On behalf of these and of all Canadians who bear the brunt of this government's economic policies every day, I urge my colleagues not to give up.
These people, who came to Ottawa to express their anger and despair, need our vigilance and support. They are a living reminder of this government's economic failure. In spite of what the Prime Minister and his government colleagues may say, they failed miserably in their most basic duties by letting some of their fellow citizens become so impoverished that they have to do without food and shelter.
I am not the only one who is running out of patience with the government's indifference. The Prime Minister should ask young people if they are happy to wait, to hear nice speeches, to see their debt reach excessive proportions, and to find out that post-secondary education is becoming increasingly inaccessible.
Young people are not any more gullible than us. They know that it is the Liberals who contributed to the gradual and systematic erosion of our public education system. Again, the Liberals' wealth redistribution record has been absolutely dismal.
Since 1989, the year which I used in my introduction as our base year for this debate, average family income in Canada has fallen by roughly 4%. It has gone down, not up. Yet, the Minister of Finance claims that the economic fundamentals are right, that unemployment continues to go down, and that inflation is below 1%. Despite all that and despite the fact that the economy, as the minister says, is doing better, the question is: Better for whom?
It is certainly not better for the average Canadian family, whose income has gone down by 4% in recent years. It is not better for the children I met this morning at a school in the national capital region, where we served breakfast. These children, who were shamelessly abandoned by the state, must rely on charitable organizations to start their day with some food in their stomachs.
It is definitely not better for families on welfare, which must face a daily reality that most of us cannot even imagine.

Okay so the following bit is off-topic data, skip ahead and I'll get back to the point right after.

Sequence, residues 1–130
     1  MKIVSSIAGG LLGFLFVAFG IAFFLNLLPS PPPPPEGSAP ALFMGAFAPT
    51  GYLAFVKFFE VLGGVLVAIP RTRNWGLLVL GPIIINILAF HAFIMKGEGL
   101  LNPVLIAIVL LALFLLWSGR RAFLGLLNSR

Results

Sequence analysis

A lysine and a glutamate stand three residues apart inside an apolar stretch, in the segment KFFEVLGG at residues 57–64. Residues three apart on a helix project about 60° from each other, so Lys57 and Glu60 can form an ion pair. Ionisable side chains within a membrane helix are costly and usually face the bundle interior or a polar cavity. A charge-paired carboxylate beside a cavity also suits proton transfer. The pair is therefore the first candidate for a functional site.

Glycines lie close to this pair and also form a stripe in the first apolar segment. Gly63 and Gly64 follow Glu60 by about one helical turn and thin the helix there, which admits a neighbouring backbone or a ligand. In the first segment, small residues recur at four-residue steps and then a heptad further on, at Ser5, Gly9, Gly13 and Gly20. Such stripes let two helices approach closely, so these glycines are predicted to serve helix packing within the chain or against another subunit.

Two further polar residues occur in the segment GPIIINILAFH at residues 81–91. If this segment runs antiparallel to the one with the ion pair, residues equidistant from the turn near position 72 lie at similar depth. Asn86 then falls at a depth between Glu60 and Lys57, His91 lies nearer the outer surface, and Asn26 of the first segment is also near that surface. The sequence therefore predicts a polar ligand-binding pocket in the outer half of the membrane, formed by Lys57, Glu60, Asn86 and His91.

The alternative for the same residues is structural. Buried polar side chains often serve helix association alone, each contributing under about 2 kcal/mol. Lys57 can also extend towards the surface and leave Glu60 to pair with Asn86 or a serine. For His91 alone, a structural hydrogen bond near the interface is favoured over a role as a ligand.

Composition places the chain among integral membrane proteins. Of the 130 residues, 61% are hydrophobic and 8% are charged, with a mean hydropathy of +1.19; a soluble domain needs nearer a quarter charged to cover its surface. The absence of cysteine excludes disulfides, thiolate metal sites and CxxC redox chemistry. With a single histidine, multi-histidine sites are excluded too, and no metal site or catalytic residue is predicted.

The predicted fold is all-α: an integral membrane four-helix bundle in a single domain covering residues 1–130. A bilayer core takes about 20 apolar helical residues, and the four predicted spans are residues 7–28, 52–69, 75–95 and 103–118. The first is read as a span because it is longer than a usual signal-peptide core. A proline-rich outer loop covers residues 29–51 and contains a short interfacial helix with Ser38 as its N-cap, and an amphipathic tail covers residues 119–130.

In my riding, the co-ordinator of the Association coopérative d'économie familiale de Granby recently told me about the anguish experienced by these families toward the end of a month, when the fridge and the cupboard are empty, or when spring heralds the arrival not of flowers and birds but of the letter they will receive from Hydro-Quebec demanding that they pay the arrears accumulated during the winter, otherwise power will be cut off.
This may all be very new for our well-fed and well-lodged ministers, but it is nothing unusual in the lives of a growing number of our fellow citizens.
The proof is in the number of food banks, which have almost tripled in Canada since 1989. According to the Canadian Association of Food Banks, the number of communities relying on this service has risen from 180 in 1989 to 508 in 1998.
I must confess I have long been puzzled by cabinet's indifference to the national tragedy I have just described.
After all, this is the same government that signed the Copenhagen accords in 1995, committing it to take concrete action to improve the living conditions of the poorest of the poor in Canada. I would almost have to conclude that this attitude on the part of government members indicates a flagrant lack of compassion for the more unfortunate members of our society.
That would certainly confirm the popular belief that legislators, the very people with the power to change things, are often indifferent to the basic needs of those they represent. But I am an optimist by nature and I refuse to believe that the government will not listen to reason.
Time is running out. Something must be done. The issue of poverty must be addressed without further delay. Canadians want a proactive government that will get moving and do whatever it takes to put an end to the national disgrace of poverty in this country.
Solutions exist. All that is lacking is the willingness to do something. One of the things the government could do is to remedy the inequality of taxation practices and not tax low wage earners to death. It could also encourage self-sufficiency and self-reliance by increasing the basic income tax credit to $10,000 and indexing the tax tables and the child tax benefit.
On behalf of our society's most disadvantaged members, I call on the government to show leadership and compassion.